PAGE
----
SINGAPORE: A man posed as a contractor approved by the Housing & Development Board (HDB) and targeted elderly victims into signing contracts for renovations with him.
He completed some of the works, but failed to respond after some victims complained about shoddy workmanship.
When one elderly man told his neighbour to seek advice before taking up the renovation offer, the accused grew aggressive, spitting at the man and punching him.
For his crimes, 56-year-old Gary Lau was jailed for six months and fined S$2,400 on Tuesday (Dec 10).
He pleaded guilty to six charges, mostly of cheating, with another 12 charges taken into consideration.
The court heard that Lau had been in the renovation business for more than a decade since 2007, owning and co-owning two businesses named Home Patching Contractor and iHome Patching Contractor.
He typically targeted elderly HDB homeowners and claimed that he was an HDB-approved contractor, said Deputy Public Prosecutor Dillon Kok.
He wore a lanyard with a home-made pass bearing his photo, and knocked on the doors of 15 people.
On each visit, he would request for permission to enter the flats on the guise of inspection, before claiming that patching works were required on walls or ceilings.
He would then try to convince his targets to engage his services, insisting that the works were required and flashing stacks of invoices purportedly from other homeowners who had hired him.
Victims who agreed placed deposits or full payments in cash for the works, and Lau would issue them invoices with a term stating that deposits were non-refundable.
VICTIMS TRIED TO GET DEPOSITS BACK
Some victims later realised that Lau was not approved by HDB and tried to get their deposits back. Lau rebuffed most of them, pointing to the fine print, but made partial refunds to some victims.
"The accused did complete some of the works, but when complaints of shoddy workmanship were surfaced, he became unresponsive," said the prosecutor.
On one occasion on Mar 22 this year, Lau knocked on the door of 72-year-old Vernon Low's flat.
He flashed his pass at Mr Low, saying he was an HDB-approved contractor and was there to check the ceiling of the flat.
Mr Low noticed that Lau seemed to be hiding his identity, and told him to leave.
Lau complied, and headed for Mr Low's neighbour's flat.
ELDERLY MAN TRIES TO ADVISE NEIGHBOUR, LAU SPITS AT HIM
The neighbour, 78-year-old Tee Chiong Lam, went to Mr Low's flat and asked if HDB was performing ceiling works.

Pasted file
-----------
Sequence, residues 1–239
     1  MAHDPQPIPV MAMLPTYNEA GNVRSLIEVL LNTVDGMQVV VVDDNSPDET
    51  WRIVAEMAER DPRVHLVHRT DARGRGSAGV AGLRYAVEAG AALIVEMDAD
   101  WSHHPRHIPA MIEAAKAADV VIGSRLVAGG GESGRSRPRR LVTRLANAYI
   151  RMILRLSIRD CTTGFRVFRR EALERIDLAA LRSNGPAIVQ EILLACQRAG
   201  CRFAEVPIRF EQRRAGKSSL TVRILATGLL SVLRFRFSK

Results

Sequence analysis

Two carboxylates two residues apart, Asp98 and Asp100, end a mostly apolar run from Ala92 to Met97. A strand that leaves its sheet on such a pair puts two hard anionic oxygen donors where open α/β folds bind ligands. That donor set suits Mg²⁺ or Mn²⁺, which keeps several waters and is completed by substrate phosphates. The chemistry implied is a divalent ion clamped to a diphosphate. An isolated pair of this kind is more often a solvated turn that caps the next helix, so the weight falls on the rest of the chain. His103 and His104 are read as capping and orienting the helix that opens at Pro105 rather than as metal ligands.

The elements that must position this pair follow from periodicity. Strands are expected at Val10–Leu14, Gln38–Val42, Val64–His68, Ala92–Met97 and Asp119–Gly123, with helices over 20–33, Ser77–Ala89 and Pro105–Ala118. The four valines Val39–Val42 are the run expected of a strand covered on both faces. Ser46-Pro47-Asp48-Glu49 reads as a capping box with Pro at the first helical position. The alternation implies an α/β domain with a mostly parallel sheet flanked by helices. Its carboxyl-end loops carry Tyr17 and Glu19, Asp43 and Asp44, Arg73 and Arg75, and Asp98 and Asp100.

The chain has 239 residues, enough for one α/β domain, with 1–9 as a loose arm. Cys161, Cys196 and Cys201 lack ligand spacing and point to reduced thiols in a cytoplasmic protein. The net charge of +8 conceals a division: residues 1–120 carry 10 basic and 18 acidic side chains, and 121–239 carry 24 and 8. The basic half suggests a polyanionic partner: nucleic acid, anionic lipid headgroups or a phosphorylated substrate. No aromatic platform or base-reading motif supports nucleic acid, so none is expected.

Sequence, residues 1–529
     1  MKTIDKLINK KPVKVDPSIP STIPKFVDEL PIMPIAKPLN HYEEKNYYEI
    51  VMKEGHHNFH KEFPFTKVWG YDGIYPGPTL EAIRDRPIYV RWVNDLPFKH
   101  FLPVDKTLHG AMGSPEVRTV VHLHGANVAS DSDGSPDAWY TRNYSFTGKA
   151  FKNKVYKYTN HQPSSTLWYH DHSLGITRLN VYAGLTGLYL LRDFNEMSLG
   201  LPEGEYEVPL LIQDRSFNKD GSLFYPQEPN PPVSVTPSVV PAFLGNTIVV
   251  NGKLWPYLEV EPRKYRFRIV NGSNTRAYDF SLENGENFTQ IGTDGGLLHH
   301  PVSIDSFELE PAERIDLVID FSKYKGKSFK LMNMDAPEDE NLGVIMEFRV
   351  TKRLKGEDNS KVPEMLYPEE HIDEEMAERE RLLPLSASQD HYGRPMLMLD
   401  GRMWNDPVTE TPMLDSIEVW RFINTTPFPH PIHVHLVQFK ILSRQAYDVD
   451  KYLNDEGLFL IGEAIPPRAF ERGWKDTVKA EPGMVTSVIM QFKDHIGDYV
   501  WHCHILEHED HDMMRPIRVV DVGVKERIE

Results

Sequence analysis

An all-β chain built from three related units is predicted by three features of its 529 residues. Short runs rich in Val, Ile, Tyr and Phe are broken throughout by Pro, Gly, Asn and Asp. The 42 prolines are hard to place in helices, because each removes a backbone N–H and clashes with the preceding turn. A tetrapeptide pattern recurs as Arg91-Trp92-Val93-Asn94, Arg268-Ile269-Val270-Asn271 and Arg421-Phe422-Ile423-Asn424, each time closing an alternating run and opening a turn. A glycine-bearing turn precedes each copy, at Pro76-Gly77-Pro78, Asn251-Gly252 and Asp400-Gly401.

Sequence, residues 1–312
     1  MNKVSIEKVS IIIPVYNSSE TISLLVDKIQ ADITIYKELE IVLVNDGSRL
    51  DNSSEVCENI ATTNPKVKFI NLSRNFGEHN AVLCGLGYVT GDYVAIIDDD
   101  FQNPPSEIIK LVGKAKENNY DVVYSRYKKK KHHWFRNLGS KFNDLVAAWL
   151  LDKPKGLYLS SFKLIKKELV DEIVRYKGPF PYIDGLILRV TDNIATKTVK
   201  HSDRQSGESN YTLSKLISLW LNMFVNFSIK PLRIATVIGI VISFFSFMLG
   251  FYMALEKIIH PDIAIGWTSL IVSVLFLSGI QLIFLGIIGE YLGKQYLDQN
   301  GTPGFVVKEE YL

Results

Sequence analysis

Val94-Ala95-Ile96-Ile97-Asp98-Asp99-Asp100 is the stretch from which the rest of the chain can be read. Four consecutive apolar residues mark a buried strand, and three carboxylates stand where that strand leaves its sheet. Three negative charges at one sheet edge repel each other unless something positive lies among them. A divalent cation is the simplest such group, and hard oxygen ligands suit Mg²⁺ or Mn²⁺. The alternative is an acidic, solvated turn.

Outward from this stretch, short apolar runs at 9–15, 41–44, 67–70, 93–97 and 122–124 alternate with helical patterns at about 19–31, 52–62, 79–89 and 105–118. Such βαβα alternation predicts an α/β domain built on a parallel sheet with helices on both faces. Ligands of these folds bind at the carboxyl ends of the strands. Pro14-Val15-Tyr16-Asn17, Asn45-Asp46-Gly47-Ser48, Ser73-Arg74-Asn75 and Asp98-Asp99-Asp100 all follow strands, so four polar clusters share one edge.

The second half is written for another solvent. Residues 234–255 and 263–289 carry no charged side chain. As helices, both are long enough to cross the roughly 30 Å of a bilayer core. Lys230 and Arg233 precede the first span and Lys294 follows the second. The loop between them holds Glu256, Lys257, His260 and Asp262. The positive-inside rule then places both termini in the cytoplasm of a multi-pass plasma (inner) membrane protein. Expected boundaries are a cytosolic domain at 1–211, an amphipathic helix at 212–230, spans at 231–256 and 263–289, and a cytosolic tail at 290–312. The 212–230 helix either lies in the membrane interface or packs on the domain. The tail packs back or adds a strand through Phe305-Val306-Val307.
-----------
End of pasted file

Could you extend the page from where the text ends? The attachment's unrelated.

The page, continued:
When Mr Low suggested that Mr Tee discuss the matter with his son, Lau - who was standing close to Mr Tee - became angry.
He cursed at Mr Low in Hokkien and spat at him through the closed gates of his flat, with the spittle landing on the elderly man's cheek.
As Lau tried to leave via the lift, Mr Low ran down the stairs in pursuit, catching up with him at the ground floor.
Lau swung his fist at the elderly man, who blocked the blow but fell backwards. Lau threw several punches at Mr Low, who fended most of them off, before walking away.
The police received several reports between May 2017 and April 2019, saying Lau had cheated homeowners by claiming to be an approved contractor.
Investigations showed that neither Lau nor his companies were HDB-approved contractors.
CLEAR INTEREST IN DETERRING SUCH PREDATORY BEHAVIOUR: PROSECUTOR
The prosecutor on Tuesday asked for a jail term of at least eight months and a fine, noting that Lau had targeted mostly elderly victims, with multiple cheating offences committed over a period of time.
"There is clear public interest in deterring such predatory behaviour," said the prosecutor.
Defence lawyer Solomon Asoka Kumar M J Richard asked instead for six months' jail and a fine, saying his client was truly remorseful and a first-time offender.
He said Lau has refunded the victims "as much as he could", paying back more than S$900 of the total S$1,860 sum he cheated his victims of.
He said Lau was a former Chinese national who came to Singapore about 20 years ago and wants to serve the country he has made his home.
"He wants to run a legitimate business when he comes out of prison and is not going to take on any more contract work," said the lawyer, adding that Lau was previously a computer programmer.
District Judge Eddy Tham said the quantum involved in the offences was "not that significant" and imposed a sentence closer to what the defence asked for.
For each charge of cheating, Lau could have been jailed for up to 10 years and fined.